According to interviews conducted by the New Jersey legislative committee investigating “Bridgegate” that were obtained by the Bergen Record, Port Authority police brass rebuffed the request from officers on the scene to reopen the lanes. As a direct consequence of their actions local emergency first-response times went up.

The four-day traffic coronary for Fort Lee residents was set in motion when David Wildstein, a Gov. Christie appointee to the Port Authority,  ordered the closure of the local lanes in what has been widely reported as payback for Fort Lee’s Democratic Mayor  not endorsing Gov. Christie for reelection. But now we know, thanks to the Bergen Record and the New Jersey Legislative Select Committee on Investigation, that the improper, perhaps even illegal, closure was enforced by the Port Authority police who even chauffeured Wildstein around so he could observe the disastrous impact of his scheme firsthand.

For Nick Casale, longtime NYPD detective and former director of counterterrorism for the Metropolitan Transit Authority, by their very nature independent authorities and their  police departments are near impossible  to hold accountable.  Casale says these “fiefdom” police agencies  should be disbanded. “What happened at the George Washington Bridge is a perfect example,” says Casale. “ The Port Authority police do not report directly to elected officials so it is easy for them to get involved in political shenanigans.”

Casale says the culture of an institution has to be factored into protecting its physical facilities from attack.  If Port Authority police are busy serving patronage Port Authority executives' whims, what else are they not doing in terms of counterterrorism? “Corruption can always provide someone critical access to infrastructure that on its face would not appear tied to terrorism,” says Casale. “What you have to realize is that corruption is the soft underbelly terrorists look for as the way in.”

Long before the latest installment of “Bridgegate” the Port Authority has repeatedly fallen prey to political cronyism and corruption.  Just two years ago a consultant hired by the Port Authority, at the insistence of both governors, concluded the agency “was challenged and dysfunctional” with “a siloed underlying bureaucracy” that was plagued by “insufficient cost controls” and a “lack of transparent and effective oversight” most exemplified by its massive cost overruns at the World Trade Center site.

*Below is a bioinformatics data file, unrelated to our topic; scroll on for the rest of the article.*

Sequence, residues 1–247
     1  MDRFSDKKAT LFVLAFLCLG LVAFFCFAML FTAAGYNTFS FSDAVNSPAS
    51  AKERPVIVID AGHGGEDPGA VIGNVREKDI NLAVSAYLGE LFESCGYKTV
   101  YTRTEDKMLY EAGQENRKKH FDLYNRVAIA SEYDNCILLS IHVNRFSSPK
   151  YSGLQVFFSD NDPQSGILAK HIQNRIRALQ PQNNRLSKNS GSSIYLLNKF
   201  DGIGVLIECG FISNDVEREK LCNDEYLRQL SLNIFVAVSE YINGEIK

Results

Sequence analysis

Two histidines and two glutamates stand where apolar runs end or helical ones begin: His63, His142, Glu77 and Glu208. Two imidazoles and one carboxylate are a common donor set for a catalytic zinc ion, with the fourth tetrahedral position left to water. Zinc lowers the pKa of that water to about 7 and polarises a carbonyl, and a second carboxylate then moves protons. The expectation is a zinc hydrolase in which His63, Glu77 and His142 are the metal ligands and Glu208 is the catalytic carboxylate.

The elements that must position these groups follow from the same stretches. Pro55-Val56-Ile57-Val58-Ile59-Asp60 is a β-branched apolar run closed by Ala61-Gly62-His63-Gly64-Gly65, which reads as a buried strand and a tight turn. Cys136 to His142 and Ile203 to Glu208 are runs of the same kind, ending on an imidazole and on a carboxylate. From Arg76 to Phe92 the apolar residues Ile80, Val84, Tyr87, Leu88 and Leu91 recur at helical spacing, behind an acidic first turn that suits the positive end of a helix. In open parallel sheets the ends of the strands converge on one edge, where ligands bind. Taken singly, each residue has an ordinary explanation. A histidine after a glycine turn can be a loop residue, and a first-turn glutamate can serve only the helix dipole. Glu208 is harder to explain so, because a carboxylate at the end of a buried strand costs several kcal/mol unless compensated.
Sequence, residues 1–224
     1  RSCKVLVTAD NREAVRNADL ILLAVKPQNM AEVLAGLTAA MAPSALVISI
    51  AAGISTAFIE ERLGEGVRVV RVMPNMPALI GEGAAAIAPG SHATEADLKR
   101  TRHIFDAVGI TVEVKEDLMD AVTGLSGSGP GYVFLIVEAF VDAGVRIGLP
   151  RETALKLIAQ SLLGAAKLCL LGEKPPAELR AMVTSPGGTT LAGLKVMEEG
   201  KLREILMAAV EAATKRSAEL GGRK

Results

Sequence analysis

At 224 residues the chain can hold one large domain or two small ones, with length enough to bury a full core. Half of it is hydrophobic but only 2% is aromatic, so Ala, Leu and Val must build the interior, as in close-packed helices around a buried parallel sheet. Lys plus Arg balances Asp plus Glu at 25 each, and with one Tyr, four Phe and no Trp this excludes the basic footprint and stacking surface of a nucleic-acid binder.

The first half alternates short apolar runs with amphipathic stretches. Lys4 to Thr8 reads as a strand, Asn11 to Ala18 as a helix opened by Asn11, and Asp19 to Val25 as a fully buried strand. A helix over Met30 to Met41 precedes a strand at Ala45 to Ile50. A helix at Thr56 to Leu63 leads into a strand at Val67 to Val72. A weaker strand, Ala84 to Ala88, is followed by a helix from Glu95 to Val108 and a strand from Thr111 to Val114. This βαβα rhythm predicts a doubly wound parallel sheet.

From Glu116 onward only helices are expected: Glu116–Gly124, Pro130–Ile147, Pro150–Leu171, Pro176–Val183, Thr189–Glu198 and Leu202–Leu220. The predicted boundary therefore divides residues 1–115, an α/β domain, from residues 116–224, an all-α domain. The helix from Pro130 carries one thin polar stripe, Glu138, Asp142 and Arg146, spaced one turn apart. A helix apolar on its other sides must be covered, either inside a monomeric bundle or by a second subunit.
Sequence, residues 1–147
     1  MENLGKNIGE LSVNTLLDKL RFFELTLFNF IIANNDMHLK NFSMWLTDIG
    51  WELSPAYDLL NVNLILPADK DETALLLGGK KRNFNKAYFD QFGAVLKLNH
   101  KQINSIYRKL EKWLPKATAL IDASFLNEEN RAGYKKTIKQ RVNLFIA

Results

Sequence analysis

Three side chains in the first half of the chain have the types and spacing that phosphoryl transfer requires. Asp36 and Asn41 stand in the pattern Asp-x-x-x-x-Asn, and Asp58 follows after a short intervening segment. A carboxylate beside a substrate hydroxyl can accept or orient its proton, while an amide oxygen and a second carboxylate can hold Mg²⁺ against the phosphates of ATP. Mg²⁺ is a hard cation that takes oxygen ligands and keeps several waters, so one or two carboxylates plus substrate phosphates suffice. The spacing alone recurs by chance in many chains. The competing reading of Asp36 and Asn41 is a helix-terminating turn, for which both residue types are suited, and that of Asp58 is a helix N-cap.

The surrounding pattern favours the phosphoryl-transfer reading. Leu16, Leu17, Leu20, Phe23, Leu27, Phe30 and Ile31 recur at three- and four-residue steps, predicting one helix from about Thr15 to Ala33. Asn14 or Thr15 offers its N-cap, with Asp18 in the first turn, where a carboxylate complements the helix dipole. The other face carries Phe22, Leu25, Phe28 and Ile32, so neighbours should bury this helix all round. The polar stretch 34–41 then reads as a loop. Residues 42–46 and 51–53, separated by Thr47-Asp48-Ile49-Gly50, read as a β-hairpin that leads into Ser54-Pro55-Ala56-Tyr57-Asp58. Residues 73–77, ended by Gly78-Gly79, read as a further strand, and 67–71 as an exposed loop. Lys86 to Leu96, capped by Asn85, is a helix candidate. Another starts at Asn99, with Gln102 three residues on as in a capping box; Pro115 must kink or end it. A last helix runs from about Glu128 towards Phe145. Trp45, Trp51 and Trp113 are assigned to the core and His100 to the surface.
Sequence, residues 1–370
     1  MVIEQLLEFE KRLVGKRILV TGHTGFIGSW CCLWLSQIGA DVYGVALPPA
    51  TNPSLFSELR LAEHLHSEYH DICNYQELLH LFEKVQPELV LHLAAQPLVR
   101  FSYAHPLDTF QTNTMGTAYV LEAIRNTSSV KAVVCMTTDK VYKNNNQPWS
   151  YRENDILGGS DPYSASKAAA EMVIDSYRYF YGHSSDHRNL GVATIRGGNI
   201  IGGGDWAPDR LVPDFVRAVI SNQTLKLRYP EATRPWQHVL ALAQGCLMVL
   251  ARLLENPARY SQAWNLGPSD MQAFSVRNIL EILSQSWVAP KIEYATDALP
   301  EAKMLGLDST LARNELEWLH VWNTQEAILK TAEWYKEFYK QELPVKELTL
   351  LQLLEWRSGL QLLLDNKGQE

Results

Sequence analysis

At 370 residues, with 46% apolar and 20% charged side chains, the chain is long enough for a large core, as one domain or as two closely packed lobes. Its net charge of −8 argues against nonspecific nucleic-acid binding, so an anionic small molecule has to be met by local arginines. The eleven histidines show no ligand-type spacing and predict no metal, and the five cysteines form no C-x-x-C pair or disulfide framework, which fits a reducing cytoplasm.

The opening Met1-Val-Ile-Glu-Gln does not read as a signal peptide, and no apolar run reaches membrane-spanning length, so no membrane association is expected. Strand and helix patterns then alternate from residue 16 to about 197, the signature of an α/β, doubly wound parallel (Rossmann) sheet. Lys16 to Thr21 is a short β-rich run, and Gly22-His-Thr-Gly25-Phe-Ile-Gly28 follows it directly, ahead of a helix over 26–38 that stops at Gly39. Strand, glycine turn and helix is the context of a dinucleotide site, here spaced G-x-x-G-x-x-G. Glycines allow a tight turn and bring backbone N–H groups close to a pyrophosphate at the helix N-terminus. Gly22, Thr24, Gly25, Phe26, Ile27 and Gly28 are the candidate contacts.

It is hard to overstate the centrality of the Port Authority to our national counterterrorism risk profile. Between its airports, PATH system, bridges and tunnels it's the  region's vital organs in transit. The terrorists have zeroed in on its facilities twice now with increasing lethality.

In 1993, in the first World Trade Center bombing, four Port Authority employees lost their lives.  On Sept. 11, 2001, 37 Port Authority officers were killed along with 47 civilian employees of the bi-state agency.

In 2005 a New York state civil trial jury actually held the Port Authority 68 percent liable for the damages done in that first 1993 attack when terrorists successfully parked and detonated an explosive-packed truck in the World Trade Center’s underground garage. Jurors were troubled by  Port Authority officials’ decision to reject the recommendations of a 1985 report done by a Port Authority mechanical engineer who advised the garage be closed because it left the “most attractive terrorist target” wide open for just such an attack. Back then  commercial interests trumped security concerns.

In 2011 a closely divided New York Appeals court overturned the lower court ruling, which had held the Port Authority liable as the private landlord of what was primarily a commercial building.  The state’s highest court ruling countered that the Port Authority was shielded from liability by sovereign immunity.

For years now members of state legislatures on both sides of the Hudson, from both political parties, have tried unsuccessfully to  bring more transparency and accountability to the Port Authority.  For New Jersey Senate Majority Leader Loretta Weinberg, the latest disclosures about the role of the Port Authority police in “Bridgegate” have upped the ante. “You have a policeman on the scene sending out a message that a situation is becoming increasingly dangerous and he is told to shut up by superior officers?”

So much for seeing something and saying anything.

By Robert Hennelly